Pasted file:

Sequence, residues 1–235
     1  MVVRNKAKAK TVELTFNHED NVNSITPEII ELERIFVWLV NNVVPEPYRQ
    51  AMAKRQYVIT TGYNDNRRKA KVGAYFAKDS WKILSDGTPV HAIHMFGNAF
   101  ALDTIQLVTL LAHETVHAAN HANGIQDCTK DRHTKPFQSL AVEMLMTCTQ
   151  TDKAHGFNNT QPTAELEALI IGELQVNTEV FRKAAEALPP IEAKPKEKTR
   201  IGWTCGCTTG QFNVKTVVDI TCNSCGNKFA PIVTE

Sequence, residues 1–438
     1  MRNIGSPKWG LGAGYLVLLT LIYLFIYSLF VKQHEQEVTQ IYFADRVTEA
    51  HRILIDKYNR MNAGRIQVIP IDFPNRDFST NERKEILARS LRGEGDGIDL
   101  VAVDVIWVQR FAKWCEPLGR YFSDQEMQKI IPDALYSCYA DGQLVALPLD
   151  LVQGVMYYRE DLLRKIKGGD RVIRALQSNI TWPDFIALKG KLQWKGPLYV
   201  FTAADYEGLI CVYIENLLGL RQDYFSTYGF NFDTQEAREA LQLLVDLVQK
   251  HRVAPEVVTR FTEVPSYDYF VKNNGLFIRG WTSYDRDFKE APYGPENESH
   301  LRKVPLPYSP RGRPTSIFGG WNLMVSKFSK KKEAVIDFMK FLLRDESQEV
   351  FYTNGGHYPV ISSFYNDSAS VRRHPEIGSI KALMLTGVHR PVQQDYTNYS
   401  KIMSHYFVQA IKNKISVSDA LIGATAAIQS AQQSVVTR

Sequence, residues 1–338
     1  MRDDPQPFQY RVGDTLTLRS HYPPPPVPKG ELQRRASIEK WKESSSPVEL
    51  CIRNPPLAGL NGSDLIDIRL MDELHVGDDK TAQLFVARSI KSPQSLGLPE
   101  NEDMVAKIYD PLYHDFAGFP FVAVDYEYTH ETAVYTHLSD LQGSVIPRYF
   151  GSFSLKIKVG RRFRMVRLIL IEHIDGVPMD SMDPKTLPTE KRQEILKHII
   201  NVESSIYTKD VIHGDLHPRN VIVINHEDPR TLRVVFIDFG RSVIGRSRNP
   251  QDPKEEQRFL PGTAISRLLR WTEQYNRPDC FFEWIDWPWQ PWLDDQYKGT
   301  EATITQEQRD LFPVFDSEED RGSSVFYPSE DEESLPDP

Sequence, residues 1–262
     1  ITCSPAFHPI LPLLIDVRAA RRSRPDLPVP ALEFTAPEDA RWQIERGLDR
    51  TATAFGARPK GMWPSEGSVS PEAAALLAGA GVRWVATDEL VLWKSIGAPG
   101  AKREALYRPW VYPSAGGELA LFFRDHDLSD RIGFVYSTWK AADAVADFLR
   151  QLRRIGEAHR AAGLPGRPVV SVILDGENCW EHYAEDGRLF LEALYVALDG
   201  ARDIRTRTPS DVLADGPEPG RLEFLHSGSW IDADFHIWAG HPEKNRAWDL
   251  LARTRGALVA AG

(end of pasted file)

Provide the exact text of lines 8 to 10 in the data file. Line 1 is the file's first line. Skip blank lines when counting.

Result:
     1  MRNIGSPKWG LGAGYLVLLT LIYLFIYSLF VKQHEQEVTQ IYFADRVTEA
    51  HRILIDKYNR MNAGRIQVIP IDFPNRDFST NERKEILARS LRGEGDGIDL
   101  VAVDVIWVQR FAKWCEPLGR YFSDQEMQKI IPDALYSCYA DGQLVALPLD